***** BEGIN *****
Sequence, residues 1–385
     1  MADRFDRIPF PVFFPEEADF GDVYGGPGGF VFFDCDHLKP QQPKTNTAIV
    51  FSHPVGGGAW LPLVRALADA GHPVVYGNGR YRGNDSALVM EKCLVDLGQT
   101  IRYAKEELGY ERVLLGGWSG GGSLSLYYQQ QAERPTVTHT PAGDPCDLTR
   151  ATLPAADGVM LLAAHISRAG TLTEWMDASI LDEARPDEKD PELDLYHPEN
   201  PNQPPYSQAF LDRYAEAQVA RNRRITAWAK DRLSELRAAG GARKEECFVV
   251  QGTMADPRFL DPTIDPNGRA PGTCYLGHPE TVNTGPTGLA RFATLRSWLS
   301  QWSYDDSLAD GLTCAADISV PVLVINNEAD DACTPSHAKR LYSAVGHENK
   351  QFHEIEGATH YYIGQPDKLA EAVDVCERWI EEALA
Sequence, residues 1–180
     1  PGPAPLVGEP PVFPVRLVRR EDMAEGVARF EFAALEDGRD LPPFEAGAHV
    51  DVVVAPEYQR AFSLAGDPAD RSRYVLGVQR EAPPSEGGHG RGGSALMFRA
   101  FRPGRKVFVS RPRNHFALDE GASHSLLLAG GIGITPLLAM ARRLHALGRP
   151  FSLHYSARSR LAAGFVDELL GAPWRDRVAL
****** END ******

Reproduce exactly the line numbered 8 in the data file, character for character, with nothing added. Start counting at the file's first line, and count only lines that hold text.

   301  QWSYDDSLAD GLTCAADISV PVLVINNEAD DACTPSHAKR LYSAVGHENK